It also thinks that it can’t do this with one brand alone. To hit different types of customer, at different price points, it needs several PC brands. This, almost as much as scale economies, is why the company bought Gateway, in the US, and Packard Bell, in Europe, last year. With Gateway, it got eMachines, thrown in for good measure.
Acer is the sole top five PC vendors to operate entirely different brands – no Pavilion or Presario sub-brands for this firm.
Here is what the Acer Strategy Boutique has to say for itself:
By its very nature a brand builds exclusive and reciprocal relationships with a specific segment of the market yet cannot expect to create a dialogue across the entire market. The ability to communicate with diverse social-demographic groups can only be achieved through multiple brands, managed within an integrated multi-brand framework.
The company is pitching Acer as the small-premium / tech savvy brand for business and home users, across the world. eMachines is for the bottom feeders – you know, the type of people who shop at Aldi. The company has built two separate teams to target business and consumer channels with the Acer and eMachines brands.
On the purely retail-consumer, moms and pops and grandmoms and grandpops side, things are a little more complicated – Acer is retaining the Packard Bell name in Europe, and using Gateway everywhere else in the world. In due course, maybe a year or so, Packard Bell and Gateway product lines will be merged, more or less.
Packard Bell and Gateway will continue to run as independent divisions [eMachines on the other hand is now just a brand name, a play thing of the Acer sales teams]. But presumably, their management teams will merge at some point. So why two retail brands? Simple, Packard Bell has enormous name recognition in Europe, while Gateway can claim the same in America.
Last year, Acer chairman JT Wang mooted buying a Chinese PC maker to boost market share in the country. But in Budapest Acer’s Lanci noted that acquisitions were unlikely to make a big difference any more to the company, so large has it grown. He acknowledged that the company was weak in the business sector in China, but noted corresponding strengths in the consumer market. The rise of the consumer plays particularly well to Acer’s strengths.
True enough, but Acer for sure, should be doing better in China and for that matter, Japan, if it really wants to overtake Dell. Once Gateway and Packard Bell are fully digested, a biggish bolt-on acquisition in China would help greatly.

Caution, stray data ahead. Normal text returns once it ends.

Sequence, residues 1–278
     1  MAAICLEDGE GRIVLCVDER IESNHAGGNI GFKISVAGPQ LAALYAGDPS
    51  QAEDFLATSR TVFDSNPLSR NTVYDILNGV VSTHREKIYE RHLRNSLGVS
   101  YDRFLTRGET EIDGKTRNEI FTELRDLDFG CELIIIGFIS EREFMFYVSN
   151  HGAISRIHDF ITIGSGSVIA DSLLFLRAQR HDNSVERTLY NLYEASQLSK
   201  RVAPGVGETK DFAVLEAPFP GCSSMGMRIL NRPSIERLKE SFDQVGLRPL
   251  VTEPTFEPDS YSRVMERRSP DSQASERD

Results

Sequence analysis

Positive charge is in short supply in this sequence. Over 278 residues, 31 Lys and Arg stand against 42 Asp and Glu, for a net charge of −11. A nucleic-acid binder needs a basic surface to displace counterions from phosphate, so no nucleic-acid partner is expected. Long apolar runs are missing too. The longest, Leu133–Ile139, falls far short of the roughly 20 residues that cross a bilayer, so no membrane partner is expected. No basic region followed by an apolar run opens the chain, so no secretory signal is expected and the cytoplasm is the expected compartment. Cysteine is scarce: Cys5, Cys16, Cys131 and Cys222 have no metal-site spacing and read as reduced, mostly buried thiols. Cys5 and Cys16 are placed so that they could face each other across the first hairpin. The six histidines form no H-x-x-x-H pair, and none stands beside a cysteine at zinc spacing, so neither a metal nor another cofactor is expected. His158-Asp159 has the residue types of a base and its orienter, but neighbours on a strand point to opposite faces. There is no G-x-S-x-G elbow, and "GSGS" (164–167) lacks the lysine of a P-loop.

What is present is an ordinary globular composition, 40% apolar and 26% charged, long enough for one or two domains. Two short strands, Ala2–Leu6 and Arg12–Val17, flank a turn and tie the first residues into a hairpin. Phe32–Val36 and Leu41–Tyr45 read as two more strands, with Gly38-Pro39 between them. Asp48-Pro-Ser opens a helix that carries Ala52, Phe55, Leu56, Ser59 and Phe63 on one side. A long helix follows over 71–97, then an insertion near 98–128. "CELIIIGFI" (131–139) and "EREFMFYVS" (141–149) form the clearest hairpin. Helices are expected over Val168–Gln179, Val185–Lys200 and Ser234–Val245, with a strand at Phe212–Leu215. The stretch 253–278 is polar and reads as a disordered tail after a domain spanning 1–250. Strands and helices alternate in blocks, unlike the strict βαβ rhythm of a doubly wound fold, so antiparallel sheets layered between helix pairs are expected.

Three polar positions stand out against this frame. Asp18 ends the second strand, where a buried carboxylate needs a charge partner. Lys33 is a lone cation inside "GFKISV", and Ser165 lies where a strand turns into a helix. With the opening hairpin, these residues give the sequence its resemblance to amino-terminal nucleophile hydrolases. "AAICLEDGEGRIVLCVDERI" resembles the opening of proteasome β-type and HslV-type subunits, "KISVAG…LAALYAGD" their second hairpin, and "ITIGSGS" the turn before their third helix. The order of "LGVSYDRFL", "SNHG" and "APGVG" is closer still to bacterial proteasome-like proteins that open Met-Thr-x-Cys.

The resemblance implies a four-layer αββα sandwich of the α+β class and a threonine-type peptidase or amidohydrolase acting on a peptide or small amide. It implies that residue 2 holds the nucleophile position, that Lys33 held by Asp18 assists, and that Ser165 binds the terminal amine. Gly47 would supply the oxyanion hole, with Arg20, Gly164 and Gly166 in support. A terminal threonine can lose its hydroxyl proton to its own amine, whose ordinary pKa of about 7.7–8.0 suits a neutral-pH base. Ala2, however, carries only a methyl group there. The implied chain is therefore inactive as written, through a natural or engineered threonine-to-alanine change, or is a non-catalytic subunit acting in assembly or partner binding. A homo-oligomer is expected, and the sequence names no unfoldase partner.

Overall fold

Without another acquisition or two, it is difficult to see just how Acer will overtake Dell – unless Dell decides to pedal backwards again. After a big stumble last year, Dell has recovered some lost ground in the PC market in H1, this year. The company’s move into retail in recent month appears to be behind much of the uptick. The company is in a honeymoon period with retailers, but how long can this last? Retail margins are lowest of all. Can Dell stomach this? No question about it.
But never mind Dell. Acer also has Lenovo, the world’s fourth biggest PC maker and until recently, no. 3, snapping at its heels. According to reports coming out of Germany, Fujitsu has lined up Lenovo to buy the consumer business of its European PC joint venture, Fujitsu Siemens Computers. That will close the gap in Europe.
So does Acer have any chance of overtaking HP? In a word, no. The company would need to build a server business, to build a service arm and to sell direct, if called upon by large corporates. And even then, it won’t be easy, as Dell, which has all these things in place, finds even now.
Does it matter? Does it matter if it fails to overtake Dell in the next three or four years? Not really. Acer’s success should not be predicated on the failure of bigger competitors. This is not a zero sum game: global PC shipments are still growing. And besides there is market share to be clawed still from the 30 per cent of the market controlled by “Others” – minus the bit that Apple owns, of course.
But it is easy to make mistakes in this market and it is easier to lose money – Acer’s operating margin is well under four per cent – and that is from a PC giant. It’s figures like this that made the likes of IBM and now Siemens want to get out of this business.
These days, the PC business is not simply the survival of the biggest. Without enthusiasm, energy and optimism, even the best run players might as well pack their bags and head for the exits. Acer has these qualities in abundance. Maybe, HP should be looking in the rear mirror, after all… ®